I’m tempted to observe that the movie goes over the top, but we all know that Tarantino has no top. His skewed view of the world of film bleeds through on every frame. It’s the little touches, like the fact that several people on the Bride’s plane to Tokyo are carrying samurai swords, or the fact that every bike seems to come with a holster for one, or the way that the Bride flies on a model airplane against a matte-painted background of the type we haven’t seen used in decades.

There’s a climactic scene which take place in a Tokyo restaurant, where the evening’s entertainment – a Japanese girl band – are playing their version of “Woo Hoo”, a 1959 American rock ‘n’ roll classic. It’s perhaps the most brilliant depiction of what Tarantino does here: he’s an American filmmaker, filtering through a Japanese stylistic sensibility itself inherited from an old American model. It’s brilliantly reflexive and skewed and bizarre. Even Bill and his Vipers are a twisted reflection of Charlie’s Angels (here, for example, Bill’s face isn’t even seen). Tarantino knows exactly what’s doing and is perfectly able to emulate any number of exploitation and outdated subcultural styles of film making. The biggest problem here is that he seems content to simply emulate rather than elaborate (a similar sensibility would be the biggest problem with Death Proof and would thankfully be rectified by Inglourious).

Does the film suffer from being on its own? Undoubtedly. There’s enough mood dissonance between this and the second part to justify splitting them, but the dissonance is intentional. Thurman is meant to journey from the unambiguous and reckless carnage of the Tokyo scenery into the decidedly morally ambiguous wild west. The audience is meant to feel a little whiplash when she is transformed from the moral hero against a definite bad guy to the anti-hero among equals in the second half. That’s why I’ll be reviewing The Whole Bloody Affair separately if/when it comes out.

Tarantino is a skilled director. Here he choreographs fantastically “in your face” action sequences with loving references to all the best moment in the particular genre he has set his mind to – check out the two final swordfights for example, they are truly breathtaking and eat up a solid forty-five minutes of screentime. He also has a continued knack for dialogue, with a small scene in a bar in Okinowa with a retired swordsmith being possibly my favourite scene in this half of the film. The only thing better is arguably the soundtrack selection, pulling together the one-million-and-one genres and styles the movie seems to want to emulate (from Ennio Morricone to Japanese pop).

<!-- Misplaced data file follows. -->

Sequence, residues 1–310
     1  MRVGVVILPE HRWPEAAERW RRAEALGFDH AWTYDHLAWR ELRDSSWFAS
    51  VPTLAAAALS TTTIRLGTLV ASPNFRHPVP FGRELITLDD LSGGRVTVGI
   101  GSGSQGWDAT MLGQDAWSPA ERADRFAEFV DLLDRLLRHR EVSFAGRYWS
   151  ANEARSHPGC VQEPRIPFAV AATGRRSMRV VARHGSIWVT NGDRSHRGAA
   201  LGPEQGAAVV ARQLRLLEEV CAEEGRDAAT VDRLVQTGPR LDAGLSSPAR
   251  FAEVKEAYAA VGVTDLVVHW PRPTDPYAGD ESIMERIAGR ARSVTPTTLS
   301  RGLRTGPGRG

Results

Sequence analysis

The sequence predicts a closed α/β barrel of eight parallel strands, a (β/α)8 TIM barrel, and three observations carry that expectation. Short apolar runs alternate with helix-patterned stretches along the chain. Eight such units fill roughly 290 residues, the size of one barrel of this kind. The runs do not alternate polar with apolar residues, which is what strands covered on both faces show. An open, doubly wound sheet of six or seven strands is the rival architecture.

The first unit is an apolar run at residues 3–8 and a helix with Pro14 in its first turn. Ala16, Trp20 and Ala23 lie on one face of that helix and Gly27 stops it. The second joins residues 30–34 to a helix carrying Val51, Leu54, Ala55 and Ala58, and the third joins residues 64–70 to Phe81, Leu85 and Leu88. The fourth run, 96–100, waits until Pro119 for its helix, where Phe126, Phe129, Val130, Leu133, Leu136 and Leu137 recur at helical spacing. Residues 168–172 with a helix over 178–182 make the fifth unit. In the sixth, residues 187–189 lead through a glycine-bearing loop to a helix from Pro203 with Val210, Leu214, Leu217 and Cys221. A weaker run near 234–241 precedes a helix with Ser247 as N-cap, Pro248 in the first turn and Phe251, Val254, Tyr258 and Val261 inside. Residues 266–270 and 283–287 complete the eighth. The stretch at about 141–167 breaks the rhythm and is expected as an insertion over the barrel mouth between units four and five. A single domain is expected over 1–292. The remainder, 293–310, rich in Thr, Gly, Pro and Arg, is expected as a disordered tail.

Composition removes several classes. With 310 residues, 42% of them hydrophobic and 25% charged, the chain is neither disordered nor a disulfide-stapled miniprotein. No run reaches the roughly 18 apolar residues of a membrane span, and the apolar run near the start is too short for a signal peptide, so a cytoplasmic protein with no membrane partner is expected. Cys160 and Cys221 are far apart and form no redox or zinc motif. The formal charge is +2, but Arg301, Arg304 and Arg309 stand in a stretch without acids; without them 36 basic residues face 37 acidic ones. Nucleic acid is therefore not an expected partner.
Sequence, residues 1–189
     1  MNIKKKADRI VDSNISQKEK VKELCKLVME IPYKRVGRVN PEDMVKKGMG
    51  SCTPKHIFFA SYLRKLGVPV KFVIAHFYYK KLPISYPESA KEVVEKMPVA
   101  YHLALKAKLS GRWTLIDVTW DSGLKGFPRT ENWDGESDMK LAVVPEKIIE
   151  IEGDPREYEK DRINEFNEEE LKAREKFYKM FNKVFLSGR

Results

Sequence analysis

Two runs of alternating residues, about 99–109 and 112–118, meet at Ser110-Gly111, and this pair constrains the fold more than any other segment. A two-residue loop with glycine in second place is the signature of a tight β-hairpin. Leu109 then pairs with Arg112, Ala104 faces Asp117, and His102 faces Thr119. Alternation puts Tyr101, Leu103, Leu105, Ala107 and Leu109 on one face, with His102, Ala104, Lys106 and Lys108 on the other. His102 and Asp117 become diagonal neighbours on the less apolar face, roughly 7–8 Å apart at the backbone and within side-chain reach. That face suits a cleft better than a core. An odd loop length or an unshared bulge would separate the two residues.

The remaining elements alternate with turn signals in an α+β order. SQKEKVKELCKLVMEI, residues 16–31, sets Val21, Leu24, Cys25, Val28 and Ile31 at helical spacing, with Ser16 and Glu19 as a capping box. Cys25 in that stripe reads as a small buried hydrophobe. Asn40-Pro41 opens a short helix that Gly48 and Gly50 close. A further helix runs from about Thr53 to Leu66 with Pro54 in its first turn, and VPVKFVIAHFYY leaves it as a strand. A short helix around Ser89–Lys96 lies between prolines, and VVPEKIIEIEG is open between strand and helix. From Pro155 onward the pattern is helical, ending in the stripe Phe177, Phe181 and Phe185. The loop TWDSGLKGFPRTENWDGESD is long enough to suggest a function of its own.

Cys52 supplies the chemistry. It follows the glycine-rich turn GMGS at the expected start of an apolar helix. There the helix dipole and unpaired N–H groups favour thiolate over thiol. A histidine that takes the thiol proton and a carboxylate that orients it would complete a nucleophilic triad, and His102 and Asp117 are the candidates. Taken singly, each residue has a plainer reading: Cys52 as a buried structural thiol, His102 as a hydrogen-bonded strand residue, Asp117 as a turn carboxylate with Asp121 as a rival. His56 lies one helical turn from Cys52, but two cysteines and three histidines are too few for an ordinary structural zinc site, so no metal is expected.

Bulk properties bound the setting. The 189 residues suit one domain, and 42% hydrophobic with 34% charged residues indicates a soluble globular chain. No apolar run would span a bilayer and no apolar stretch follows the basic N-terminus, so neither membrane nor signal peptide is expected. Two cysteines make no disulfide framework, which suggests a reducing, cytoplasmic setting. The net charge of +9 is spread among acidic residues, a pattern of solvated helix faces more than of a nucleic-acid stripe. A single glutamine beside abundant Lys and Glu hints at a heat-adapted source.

It’s a solid and fascinating film, particularly if you can get past the rather large gore and violence threshold. It succeeds by its own standards: it’s a mainstream emulation of trashy subgenres by a director who is arguably more talented than even he realises. The problem is that it doesn’t do anything new or daring, or even provide us with a particularly deep insight into these old tricks. It’s content to be a scrapbook, featuring pages copied and pasted from dozens of different sources with no annotation.

It certainly isn’t the best work from this director, but it is one that merits attention. It certainly offers enough to viscerally entertain and possibly even spark some debate and discussion.


Kill Bill, Vol. 1 is the first half of the Kill Bill saga, directed by Quentin Tarantino (Inglourious Basterds, Pulp Fiction) and starring Uma Thurman (Batman & Robin, The Truth About Cats and Dogs), Michael Madsen (Reservoir Dogs, Donnie Brascoe), Lucy Liu (Payback, Ally McBeal), David Carradine (Kung-Fu, Kill Bill, Vol. 2) and Daryl Hannah (Bladerunner). It was released in the USA on 10th October 2003 and was released a week later in the UK and Ireland on 17th October 2003.

One Response

  1. Check out “David Carradine: The Eye of My Tornado”. The book will investigate Carradine’s tragic death in a Bangkok hotel.